“You know, you can walk into a restaurant with an NRA pin or button and be offered a place to stay for the night by a fellow member whom you’ve never met. People feel like they’ve met someone who shares their values. If you remember, New York Mayor Michael Bloomberg promised to match the NRA’s efforts and pour money into the gun control effort. They staged a rally in Washington and a few hundred people showed up. Then the NRA staged a rally and there were thousands in attendance. There is just no comparing the level of support among the grassroots.
“I was invited to give a talk at Harvard during the height of this debate. The university provided lots of security, and there were police officers all over. But the students were actually very polite and very well-behaved. Very liberal, but orderly throughout. But what surprised them most was after the speech, when the police officers all lined up to have their picture taken with the president of the NRA. That’s because in their private lives, they are very likely NRA members. Those involved in law enforcement know the importance of an armed populace. The Detroit chief of police surprised people recently by advocating for more citizens to arm themselves. But for those who have thought about this issue from a law enforcement perspective, it came as no surprise.”
• • • • •
With the 2014 midterm elections looming, a lot is at stake for Republicans. They’ve been beaten down over the last few cycles, suffering from low morale and lots of internecine dispute. With nearly a half century of political experience behind him, Keene has seen the good times and the bad, and he’s optimistic.
“If they can keep their act together, they’ll have a good fall,” he proclaims.
He admits that that’s quite a big if.
“They have to keep from killing each other, that’s the most important thing,” he says with a chuckle. But beyond that bit of advice, Keene is of the camp that subscribes to the “do as little as you can” camp.
“The midterm elections are a referendum on the current administration,” he explains. “It’s a report card. And right now, things are looking good for Republicans. With the rollout of the health care law in the fall, it’s become clear that this is a big problem for the administration. You know, Americans were willing to give this a shot. They didn’t necessarily agree with the law, but they certainly believed that the president had put a plan in place that at least he believed would be beneficial for the American people. Once it collapsed, and it became known that the White House knew for a long time that the promises they had made to the American people were not true, people started doubting both the administration’s competence and its veracity. That’s a bad combination. If people disagree with you, there are two choices: Either convince them you are right or change your position. But once they think you don’t tell them the truth or you’re incompetent, you’ve got problems.”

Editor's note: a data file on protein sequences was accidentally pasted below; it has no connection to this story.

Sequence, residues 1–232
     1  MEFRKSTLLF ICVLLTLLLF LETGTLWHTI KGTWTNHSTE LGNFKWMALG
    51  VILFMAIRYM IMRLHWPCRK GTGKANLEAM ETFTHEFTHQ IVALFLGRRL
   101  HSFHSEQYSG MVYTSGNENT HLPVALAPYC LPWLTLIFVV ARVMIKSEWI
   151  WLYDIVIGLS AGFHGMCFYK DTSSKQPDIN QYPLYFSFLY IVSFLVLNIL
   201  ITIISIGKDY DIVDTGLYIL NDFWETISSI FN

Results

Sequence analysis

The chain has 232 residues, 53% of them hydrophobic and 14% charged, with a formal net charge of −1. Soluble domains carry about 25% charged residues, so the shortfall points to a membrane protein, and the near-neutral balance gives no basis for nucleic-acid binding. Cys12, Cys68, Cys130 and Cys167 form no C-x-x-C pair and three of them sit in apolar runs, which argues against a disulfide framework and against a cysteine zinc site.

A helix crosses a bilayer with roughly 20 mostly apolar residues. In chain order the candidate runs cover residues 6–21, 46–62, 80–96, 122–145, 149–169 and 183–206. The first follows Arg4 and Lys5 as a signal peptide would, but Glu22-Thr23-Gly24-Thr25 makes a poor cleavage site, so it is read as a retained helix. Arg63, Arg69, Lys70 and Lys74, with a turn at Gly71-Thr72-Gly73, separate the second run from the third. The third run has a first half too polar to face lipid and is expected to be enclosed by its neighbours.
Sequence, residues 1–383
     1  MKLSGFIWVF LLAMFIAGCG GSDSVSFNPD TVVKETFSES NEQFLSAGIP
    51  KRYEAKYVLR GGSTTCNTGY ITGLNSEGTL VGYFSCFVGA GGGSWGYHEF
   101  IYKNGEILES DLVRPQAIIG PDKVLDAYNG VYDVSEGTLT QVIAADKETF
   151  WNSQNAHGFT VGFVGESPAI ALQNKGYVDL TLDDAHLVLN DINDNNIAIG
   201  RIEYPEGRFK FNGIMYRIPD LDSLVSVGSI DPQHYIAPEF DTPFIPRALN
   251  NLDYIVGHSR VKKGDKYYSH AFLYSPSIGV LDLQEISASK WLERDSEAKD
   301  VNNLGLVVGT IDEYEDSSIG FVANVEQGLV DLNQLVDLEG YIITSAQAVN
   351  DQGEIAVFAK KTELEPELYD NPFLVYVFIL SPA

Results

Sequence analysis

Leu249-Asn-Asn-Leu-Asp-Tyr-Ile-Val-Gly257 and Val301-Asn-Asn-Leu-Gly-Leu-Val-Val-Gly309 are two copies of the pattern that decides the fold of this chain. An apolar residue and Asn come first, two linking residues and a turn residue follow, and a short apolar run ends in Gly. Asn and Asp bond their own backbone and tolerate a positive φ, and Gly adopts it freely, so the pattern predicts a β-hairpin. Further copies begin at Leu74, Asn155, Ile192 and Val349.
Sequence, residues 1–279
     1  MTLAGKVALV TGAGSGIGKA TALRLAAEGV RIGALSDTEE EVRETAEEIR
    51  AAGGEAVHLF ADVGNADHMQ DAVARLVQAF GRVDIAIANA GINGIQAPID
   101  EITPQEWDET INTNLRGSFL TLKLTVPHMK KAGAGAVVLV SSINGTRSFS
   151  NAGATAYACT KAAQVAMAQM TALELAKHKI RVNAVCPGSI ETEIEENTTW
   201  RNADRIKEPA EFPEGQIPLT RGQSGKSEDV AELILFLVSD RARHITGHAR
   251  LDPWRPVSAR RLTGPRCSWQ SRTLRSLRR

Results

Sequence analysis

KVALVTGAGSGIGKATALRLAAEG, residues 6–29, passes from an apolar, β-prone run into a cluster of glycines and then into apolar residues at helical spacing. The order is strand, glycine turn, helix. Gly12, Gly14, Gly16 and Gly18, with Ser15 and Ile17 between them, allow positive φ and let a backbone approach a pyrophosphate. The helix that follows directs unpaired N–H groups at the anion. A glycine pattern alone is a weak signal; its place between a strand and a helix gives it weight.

Keene illustrates this point by making a comparison others have drawn.
“It’s similar to what happened to Bush after Hurricane Katrina. The Iraq War hadn’t been going well for a while before that, but people liked Bush personally and they thought he was competent. Whether they agreed with his decision to go to war or not, they felt that he had the ability to lead the country properly. Once Katrina came and after the debacle that followed, rightly or wrongly, the blame was placed on the Bush administration. This led people to doubt its competence, which meant that if they couldn’t keep people safe in a hurricane, why should we think they can run a war? I think that Obamacare is having a similar effect on the current administration. It’s not just the health care law or the website. It’s an illustration of the administration’s incompetence.”
That may be all true, but how do Republicans convince the American people that theirs is the right vision for the country?
“It’s true, they need to offer a positive vision,” he concedes. “But the climate hasn’t been better for quite a while. For the first time, pollsters are reporting that more people fear government than trust it. With the failure of the health care law and the NSA spying, people are open to the idea of a less intrusive government. Recent polls have shown how this has affected several senate races, where potential Republican pickups in North Carolina and Louisiana have gone from real toss-ups to where the Republican challenger is now leading in the polls. So now is the time to drive that message home.”
There’s no doubt that it’s still a hard message to convey. The media is no friendlier to Republicans than they’ve been in the past, and Democratic operatives haven’t eased up on the name-calling. The conservative agenda is still not about free money. But like David Keene, there’s a lot that lies beneath surface. It’s the job of conservatives to show that to the American people.